Re: help with German book

From: Christina Z. Anderson ^lt;[email protected]>
Date: 07/27/05-08:03:14 AM Z
Message-id: <008f01c592b3$f1720570$f83dad42@oemcomputer>

Thank you, Judy and Henk!
I think Judy is correct in assuming gamboge. The context of gummigutt is in
a list of colors to use for gum, as is krapplack. Both are recommended. I
for sure think krapplack is madder lake deep or some such, as it is under
the red category, and gummigutt is under the yellow category in Koester's
book.

BTW, chrome yellow is often recommended, so I think the old adage "you can't
use chrome colors" didn't seem to phase them at all. However, a caution was
said against certain colors, like Kremser white, that reacted with the
chromate to create lead chromate--a dirty color.

What is fun is when I get back my translation of a book, my German
translator, who doesn't know photography or chemistry, will transpose the
funniest words. For instance, one whole translation used the word "rubber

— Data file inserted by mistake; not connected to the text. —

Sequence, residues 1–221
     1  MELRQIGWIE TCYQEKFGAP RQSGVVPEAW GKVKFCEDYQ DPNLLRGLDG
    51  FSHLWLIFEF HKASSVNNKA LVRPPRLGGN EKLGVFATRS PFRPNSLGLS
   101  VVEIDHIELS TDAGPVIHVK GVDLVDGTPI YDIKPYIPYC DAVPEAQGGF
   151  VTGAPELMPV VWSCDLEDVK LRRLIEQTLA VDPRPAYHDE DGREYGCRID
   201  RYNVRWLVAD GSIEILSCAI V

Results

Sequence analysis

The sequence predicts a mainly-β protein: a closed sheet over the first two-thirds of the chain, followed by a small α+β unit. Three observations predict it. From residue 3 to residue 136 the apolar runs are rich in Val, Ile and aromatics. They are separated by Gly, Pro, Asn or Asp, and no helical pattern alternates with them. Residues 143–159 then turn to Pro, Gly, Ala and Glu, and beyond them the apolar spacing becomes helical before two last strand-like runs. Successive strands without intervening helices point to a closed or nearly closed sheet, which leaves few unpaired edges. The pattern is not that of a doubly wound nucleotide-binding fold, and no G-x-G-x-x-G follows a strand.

print" so obviously "gum" in German is rubber, too? And there is a word she
uses frequently--"copying"--that must mean, in context, "printing". Since I
get the general drift of the sentence it is usually not a problem, but when
I want to know specific chemical names or color names, then I get into a
snafu.

I start all French texts today. Boy do I have big ideas.
Chris

PS Katharine Thayer if you are reading this, do you have any interest in the
arguments that went on back in the day about what actually happened
chemically with the dichromate and gelatin? It is too lengthy to talk about
here, so I could send them to you if you give me your address offlist.
Info, of course, may not at all be current or correct, but you never know if
there is some tidbit lurking amidst the humorous backbiting.
----- Original Message -----

From: "henk thijs" <henk.thijs@hetnet.nl>
>>> anyone know what pigment "Krapplack" and "gummigutt" would be in
> I use from SCHMINCKE GOUACHE:
> Krapplack dunkel / madder lake deep / laque de garance foncee/lacca di
> garanza scura
>
>> Gummigut could be good gum, but according to my Cassell's New German
>> Dictionary it's gamboge.
Received on Wed Jul 27 08:03:37 2005

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